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They're basic but also things you'd never look up, especially if you've been doing python a long time.

For example, I just learned about f strings, because why would I need to ever look up if there is a replacement for .format()?

And the LRU cache. I've been hand rolling that for years, but I never thought to see if they had added it to the standard library, because why would I look?




It pays to look thru the stdlib every so often, there is just so much there, and plenty of dark corners (in the Warcraft sense) to look in.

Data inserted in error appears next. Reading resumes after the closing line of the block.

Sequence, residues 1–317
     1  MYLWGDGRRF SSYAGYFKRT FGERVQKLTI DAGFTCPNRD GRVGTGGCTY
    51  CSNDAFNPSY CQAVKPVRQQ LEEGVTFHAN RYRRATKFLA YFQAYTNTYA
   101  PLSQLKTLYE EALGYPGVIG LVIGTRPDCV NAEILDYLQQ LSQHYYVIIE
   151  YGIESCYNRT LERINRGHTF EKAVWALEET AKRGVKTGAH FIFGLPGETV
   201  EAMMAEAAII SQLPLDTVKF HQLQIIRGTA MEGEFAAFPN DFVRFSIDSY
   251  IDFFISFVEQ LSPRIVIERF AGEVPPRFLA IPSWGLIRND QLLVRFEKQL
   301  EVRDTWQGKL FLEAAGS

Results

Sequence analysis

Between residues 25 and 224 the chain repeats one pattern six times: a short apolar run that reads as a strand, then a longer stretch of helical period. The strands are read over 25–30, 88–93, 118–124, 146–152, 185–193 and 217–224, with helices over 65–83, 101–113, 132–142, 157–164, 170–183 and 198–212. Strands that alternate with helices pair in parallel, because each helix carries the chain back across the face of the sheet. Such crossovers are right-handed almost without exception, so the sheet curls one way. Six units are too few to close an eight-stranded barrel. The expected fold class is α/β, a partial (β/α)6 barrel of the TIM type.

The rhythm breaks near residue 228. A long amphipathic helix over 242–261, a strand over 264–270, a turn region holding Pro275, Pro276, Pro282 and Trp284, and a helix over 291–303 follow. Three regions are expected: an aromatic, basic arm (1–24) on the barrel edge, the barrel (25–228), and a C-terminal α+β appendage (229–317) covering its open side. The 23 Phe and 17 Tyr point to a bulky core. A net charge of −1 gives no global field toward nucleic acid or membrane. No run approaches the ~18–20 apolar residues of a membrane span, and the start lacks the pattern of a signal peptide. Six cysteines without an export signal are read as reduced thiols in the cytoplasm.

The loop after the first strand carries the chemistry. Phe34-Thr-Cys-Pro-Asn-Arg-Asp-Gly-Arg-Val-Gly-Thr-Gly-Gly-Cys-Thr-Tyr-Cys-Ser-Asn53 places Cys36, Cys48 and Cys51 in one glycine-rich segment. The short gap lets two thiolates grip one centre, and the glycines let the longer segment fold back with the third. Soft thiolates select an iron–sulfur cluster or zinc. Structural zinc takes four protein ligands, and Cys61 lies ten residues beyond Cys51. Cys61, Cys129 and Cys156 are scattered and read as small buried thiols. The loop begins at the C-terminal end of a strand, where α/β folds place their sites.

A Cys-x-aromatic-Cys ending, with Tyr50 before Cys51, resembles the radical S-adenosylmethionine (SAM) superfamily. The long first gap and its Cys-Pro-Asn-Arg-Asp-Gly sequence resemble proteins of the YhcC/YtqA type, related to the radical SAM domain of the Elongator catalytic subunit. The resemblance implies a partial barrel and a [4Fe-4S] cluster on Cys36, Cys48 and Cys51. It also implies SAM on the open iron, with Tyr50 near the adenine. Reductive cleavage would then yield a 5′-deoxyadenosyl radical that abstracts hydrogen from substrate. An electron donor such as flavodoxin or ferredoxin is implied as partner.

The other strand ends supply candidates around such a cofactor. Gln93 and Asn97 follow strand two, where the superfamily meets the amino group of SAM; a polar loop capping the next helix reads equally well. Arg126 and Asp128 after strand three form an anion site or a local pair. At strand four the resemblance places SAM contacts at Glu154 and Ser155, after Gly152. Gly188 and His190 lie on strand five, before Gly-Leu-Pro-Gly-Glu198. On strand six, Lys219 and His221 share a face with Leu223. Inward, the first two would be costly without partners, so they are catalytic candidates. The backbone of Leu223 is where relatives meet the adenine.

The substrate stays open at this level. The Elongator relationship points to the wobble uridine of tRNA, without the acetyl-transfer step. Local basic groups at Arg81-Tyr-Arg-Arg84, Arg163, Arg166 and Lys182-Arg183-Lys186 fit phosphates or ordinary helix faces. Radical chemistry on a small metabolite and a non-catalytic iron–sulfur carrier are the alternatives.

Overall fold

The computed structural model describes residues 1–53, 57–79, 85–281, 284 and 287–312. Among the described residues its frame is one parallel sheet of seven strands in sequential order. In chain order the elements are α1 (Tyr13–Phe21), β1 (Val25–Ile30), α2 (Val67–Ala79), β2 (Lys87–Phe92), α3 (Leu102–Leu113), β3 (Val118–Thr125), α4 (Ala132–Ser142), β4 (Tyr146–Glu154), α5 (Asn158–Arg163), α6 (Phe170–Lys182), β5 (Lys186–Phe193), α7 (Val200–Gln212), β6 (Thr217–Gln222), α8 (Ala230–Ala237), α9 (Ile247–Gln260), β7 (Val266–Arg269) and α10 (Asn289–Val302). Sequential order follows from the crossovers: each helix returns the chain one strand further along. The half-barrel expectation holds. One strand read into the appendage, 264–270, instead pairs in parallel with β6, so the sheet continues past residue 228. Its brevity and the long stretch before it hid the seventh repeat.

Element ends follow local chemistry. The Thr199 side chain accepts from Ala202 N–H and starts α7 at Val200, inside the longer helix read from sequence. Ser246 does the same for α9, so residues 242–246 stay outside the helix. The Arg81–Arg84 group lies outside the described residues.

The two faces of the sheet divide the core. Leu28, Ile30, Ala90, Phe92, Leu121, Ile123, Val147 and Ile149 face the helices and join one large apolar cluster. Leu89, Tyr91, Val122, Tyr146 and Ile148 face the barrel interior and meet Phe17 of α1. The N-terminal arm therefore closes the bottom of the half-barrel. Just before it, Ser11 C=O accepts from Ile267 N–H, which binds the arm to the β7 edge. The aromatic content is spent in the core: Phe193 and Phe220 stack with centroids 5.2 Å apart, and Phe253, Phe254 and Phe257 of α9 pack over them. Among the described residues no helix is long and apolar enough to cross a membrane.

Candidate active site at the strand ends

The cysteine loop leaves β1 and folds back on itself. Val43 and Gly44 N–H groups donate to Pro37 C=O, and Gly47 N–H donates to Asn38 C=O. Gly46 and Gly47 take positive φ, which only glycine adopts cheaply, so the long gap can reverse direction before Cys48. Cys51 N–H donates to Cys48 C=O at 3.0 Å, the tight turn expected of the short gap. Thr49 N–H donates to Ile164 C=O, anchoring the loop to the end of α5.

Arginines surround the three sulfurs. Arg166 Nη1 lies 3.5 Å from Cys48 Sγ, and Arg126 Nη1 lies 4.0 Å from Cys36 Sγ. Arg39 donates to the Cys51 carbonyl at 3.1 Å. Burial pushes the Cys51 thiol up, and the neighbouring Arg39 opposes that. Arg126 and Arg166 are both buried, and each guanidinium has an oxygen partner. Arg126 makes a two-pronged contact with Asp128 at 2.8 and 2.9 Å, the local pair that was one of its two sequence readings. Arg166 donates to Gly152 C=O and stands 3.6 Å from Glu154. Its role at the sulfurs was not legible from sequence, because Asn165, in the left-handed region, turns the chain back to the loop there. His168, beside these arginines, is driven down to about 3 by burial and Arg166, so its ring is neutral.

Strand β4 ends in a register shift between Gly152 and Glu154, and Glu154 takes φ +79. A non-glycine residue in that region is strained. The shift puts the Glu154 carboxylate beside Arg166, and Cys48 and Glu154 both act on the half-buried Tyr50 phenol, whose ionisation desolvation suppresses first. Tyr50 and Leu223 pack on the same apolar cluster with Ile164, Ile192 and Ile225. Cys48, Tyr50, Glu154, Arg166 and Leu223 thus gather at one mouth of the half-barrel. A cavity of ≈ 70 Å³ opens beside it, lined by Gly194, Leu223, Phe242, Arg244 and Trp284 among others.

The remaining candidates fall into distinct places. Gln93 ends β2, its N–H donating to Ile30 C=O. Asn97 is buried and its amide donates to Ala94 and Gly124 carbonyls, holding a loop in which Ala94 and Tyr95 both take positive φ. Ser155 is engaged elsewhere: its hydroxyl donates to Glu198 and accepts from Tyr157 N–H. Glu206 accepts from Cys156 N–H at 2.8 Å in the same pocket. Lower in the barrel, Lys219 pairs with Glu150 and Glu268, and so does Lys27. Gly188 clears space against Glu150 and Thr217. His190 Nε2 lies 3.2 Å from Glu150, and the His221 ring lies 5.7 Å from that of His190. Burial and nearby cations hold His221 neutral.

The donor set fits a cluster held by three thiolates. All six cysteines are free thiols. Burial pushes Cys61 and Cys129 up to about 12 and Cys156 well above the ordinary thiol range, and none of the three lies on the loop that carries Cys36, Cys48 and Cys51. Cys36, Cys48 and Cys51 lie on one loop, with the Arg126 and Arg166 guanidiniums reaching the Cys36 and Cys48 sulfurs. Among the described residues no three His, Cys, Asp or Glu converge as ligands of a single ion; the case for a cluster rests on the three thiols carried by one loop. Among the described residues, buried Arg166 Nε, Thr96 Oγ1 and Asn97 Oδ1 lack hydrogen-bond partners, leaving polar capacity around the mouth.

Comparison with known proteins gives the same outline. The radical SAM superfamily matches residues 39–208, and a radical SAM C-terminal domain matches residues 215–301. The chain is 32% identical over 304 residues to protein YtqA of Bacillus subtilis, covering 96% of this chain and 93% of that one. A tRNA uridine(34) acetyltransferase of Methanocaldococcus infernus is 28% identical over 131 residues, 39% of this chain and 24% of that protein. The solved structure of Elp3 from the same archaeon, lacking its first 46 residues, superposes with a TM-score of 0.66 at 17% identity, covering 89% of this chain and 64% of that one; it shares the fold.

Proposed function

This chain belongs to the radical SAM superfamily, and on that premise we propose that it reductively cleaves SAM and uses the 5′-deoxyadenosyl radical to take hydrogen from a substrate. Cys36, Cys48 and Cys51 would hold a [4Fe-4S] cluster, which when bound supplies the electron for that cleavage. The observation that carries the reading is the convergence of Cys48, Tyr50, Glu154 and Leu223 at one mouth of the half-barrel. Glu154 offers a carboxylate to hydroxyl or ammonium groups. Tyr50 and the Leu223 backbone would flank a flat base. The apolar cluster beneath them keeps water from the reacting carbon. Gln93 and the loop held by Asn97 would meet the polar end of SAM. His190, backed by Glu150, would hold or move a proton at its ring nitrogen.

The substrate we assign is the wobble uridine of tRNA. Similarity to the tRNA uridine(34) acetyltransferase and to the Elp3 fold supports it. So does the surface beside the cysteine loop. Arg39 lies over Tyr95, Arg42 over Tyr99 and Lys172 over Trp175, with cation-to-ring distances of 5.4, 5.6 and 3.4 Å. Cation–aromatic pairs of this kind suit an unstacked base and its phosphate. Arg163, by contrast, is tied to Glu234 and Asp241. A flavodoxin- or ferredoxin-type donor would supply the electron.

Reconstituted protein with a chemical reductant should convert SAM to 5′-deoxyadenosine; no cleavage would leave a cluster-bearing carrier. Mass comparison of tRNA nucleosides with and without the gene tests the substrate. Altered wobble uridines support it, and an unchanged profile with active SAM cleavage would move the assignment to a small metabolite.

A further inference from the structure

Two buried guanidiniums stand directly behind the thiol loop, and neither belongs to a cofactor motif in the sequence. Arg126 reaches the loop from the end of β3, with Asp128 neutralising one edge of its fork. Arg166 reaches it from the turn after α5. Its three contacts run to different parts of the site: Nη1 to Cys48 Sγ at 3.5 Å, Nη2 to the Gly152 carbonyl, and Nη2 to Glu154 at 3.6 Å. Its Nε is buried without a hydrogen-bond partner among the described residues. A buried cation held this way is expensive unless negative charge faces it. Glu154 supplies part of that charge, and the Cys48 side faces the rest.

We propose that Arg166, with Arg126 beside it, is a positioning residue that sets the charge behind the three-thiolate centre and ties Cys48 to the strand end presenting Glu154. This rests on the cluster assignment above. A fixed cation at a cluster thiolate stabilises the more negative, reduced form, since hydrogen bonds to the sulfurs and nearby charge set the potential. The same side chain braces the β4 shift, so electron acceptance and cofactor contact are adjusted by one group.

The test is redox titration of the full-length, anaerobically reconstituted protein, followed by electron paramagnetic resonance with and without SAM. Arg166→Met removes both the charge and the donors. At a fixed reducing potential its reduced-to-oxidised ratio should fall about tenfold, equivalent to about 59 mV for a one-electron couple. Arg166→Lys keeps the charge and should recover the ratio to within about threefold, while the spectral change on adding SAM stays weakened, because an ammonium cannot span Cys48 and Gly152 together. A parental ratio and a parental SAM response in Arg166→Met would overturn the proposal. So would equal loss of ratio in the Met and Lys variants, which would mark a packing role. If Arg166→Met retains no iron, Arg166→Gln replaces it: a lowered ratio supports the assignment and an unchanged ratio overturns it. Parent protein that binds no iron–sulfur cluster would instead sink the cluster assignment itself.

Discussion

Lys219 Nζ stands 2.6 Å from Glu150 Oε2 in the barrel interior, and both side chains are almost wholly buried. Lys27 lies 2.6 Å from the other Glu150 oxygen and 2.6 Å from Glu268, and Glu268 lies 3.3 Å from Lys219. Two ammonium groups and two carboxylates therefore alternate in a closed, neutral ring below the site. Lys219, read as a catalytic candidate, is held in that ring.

I hand rolled stuff in itertools/functools for years before discovering them.... collections Counter, etc.

Or how about str.partition instead of try: str.split() ?


On a related note, every couple of years I make an effort to man page every cli tool I use, and re-read the man page, just in case. Most times I discover there is some argument that I've missed before in a tool (or has been added in the intervening time)


When my dad sold cars he’d always tell his customers to read the car manual again after six months for the same reason.


don't you read about what's new when new versions come out?




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